Via Political Animal and MoJo, I learned about some recent research about how motherhood affects careers. It seems like a common, though anecdotal, observation that women with kids have to pay a penalty in their careers. People usually think that mothers are not as serious in their careers as non-mothers (fathers or childless people). This assumption is there despite any objective facts about a specific person. This preliminary research1 bears out this observation about irrational attitudes. Here is the abstract:
Survey research finds that mothers suffer a substantial per-child wage penalty that is not explained by human capital or occupational factors (Budig and England 2001; Anderson, Binder and Krause 2003). Despite clear documentation of this pattern, the causal mechanism producing it remains elusive because existing research has not been able to distinguish between productivity and discrimination explanations for the motherhood wage penalty. Drawing on status characteristics theory and the literature on the cultural contradictions of motherhood, we suggest that status-based discrimination may be an important factor. To evaluate this argument, we conducted a laboratory experiment in which participants evaluated application materials for a pair of same race, same gender, ostensibly real job applicants who were equally qualified but differed on parental status. The results strongly support the discrimination hypotheses. Relative to other kinds of applicants, mothers were rated as less competent, less committed, less suitable for hire, promotion, and management training, and deserving of lower salaries. Mothers were also held to higher performance and punctuality standards. Men were not penalized for being a parent, and in fact, appeared to benefit from having children on some measures. We discuss the implications of these findings for the theory presented and for enduring patterns of gender inequality in paid work.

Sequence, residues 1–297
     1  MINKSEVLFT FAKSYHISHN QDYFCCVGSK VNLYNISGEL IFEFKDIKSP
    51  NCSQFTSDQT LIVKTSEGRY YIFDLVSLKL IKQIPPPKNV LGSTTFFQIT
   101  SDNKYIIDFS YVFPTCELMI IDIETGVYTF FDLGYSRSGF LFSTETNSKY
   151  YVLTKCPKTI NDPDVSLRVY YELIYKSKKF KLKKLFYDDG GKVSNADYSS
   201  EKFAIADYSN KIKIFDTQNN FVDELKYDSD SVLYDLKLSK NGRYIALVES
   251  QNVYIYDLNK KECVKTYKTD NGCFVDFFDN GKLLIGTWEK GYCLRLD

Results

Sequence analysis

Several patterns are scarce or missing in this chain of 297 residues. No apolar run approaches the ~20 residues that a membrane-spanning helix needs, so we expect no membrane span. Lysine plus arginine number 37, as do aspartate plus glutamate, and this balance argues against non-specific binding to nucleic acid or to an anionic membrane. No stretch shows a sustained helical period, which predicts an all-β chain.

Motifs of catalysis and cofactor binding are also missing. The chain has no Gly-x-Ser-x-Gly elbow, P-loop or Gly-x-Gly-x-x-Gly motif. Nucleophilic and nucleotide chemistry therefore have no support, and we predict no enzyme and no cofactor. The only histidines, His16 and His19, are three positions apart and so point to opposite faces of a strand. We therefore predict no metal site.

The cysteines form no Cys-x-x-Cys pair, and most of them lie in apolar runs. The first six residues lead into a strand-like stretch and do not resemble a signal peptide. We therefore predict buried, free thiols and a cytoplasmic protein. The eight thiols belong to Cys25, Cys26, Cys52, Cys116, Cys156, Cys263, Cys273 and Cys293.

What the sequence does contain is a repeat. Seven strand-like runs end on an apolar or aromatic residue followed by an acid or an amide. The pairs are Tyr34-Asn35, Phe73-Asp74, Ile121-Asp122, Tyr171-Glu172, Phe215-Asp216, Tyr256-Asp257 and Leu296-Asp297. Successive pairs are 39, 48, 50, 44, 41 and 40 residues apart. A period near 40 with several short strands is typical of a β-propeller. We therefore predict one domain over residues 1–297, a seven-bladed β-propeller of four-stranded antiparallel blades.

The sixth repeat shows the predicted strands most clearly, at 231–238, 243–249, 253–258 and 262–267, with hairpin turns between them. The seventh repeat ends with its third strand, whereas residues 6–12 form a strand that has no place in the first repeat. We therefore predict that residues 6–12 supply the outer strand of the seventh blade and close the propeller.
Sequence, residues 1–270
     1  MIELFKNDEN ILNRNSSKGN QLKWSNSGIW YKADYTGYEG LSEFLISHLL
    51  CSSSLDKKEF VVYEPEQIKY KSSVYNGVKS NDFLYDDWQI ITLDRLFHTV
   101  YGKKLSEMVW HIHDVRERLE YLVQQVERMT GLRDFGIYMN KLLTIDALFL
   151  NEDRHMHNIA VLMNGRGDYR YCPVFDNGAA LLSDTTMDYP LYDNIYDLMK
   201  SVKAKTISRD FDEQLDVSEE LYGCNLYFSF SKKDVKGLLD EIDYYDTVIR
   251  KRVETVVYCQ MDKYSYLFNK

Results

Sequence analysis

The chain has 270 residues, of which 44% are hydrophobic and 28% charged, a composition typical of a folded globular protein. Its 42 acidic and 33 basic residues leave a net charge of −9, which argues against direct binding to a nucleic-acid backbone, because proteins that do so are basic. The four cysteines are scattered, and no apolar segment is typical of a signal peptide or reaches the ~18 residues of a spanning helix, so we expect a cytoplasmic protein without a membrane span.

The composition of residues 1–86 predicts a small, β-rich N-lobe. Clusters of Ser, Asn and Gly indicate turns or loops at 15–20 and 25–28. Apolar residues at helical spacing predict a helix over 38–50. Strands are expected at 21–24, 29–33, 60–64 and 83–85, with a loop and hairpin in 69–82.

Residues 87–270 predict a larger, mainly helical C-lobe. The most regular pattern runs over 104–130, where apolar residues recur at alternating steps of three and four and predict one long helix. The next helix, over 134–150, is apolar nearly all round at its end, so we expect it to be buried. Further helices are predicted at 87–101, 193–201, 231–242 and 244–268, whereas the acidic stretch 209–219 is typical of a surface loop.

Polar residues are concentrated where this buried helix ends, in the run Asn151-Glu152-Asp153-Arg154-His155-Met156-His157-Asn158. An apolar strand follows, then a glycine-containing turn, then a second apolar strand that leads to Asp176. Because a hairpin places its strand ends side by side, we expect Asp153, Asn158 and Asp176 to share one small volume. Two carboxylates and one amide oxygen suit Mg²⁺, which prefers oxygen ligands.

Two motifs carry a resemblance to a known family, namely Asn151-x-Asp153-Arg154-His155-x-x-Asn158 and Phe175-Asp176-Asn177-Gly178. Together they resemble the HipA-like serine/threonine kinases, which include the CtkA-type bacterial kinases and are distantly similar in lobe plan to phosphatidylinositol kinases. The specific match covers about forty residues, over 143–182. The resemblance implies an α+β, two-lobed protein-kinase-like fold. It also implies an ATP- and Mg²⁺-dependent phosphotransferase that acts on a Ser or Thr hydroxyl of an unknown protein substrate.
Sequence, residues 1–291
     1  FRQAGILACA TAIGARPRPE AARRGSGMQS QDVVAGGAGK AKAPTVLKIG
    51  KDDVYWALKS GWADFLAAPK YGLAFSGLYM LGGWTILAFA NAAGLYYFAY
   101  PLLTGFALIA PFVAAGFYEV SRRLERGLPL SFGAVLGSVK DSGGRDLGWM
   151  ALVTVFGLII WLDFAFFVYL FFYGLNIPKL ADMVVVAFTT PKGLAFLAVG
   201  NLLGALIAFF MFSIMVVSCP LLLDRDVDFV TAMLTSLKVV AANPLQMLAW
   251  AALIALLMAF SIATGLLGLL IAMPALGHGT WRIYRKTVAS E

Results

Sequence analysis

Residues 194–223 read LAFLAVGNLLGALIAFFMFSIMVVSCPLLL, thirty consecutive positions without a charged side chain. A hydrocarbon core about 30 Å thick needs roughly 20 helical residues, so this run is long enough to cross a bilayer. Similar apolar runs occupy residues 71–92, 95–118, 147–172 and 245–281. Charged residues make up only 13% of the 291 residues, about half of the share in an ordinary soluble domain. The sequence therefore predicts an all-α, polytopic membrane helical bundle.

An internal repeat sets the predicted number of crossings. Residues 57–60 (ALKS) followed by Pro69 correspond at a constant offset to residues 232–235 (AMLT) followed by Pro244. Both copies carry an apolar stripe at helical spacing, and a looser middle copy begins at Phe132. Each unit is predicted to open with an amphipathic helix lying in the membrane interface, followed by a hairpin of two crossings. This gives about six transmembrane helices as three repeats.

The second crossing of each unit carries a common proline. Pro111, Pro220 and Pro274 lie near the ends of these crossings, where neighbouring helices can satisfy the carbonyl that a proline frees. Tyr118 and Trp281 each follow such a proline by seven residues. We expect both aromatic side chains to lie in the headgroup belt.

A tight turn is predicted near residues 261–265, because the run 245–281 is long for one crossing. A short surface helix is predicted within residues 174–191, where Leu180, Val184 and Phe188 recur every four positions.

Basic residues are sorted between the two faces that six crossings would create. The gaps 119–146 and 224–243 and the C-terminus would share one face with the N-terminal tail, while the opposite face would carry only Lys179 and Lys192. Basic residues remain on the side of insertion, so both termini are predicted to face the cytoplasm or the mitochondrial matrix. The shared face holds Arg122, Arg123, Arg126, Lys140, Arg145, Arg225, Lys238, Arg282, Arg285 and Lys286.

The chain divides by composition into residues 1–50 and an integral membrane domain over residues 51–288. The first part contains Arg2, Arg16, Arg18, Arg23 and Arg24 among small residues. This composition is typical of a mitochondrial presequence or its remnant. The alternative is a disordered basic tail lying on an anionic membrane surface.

The researchers created a bunch of similar resumes for high-paying management jobs with the only differences being in parental status. They signaled the parental status by listing PTA membership in the resume and names of kids along with marital status in the cover letter. I think all applicants, whether they had kids or not, were married.
The results of a review of these job applications is shown in the table2 below:
|Female Applicants||Male Applicants|
|Days allowed late||3.16||3.73||3.69||3.16|
|Percent score required on exam||72.4||67.9||67.3||67.1|
|Proportion recommend for management||0.691||0.862||0.936||0.851|
|Likelihood of promotion||2.74||3.42||3.30||3.11|
|Proportion recommend for hire||0.468||0.840||0.734||0.617|
It looks from the table that the reviewers rated the mothers less competent, less committed to their careers, proposed lower starting salaries for them and recommended them less for initial hire or promotion. The hierarchy among these four categories seems to be:
- Female non-parents
- Male parents
- Male non-parents
- Female parents
The difference among men was much smaller though than among women. Again, I recall some anecdotal information similar to this hierarchy. For example, it is considered cute and good when a guy has a picture of his kid as his desktop background during a job interview but the same thing from a woman can cause some doubt as to her commitment to work.
1 This is a working paper presented in a workshop. So apparently work still needs to be done to make it publishable in a journal.
2 The table and other quotes from the paper belong to the authors, Shelley Correll and Steven Benard and whoever holds the copyright. I have edited the presentation of the table and removed standard deviations since it cluttered the table. You can look them up in the paper along with a discussion of whether these differences were statistically significant.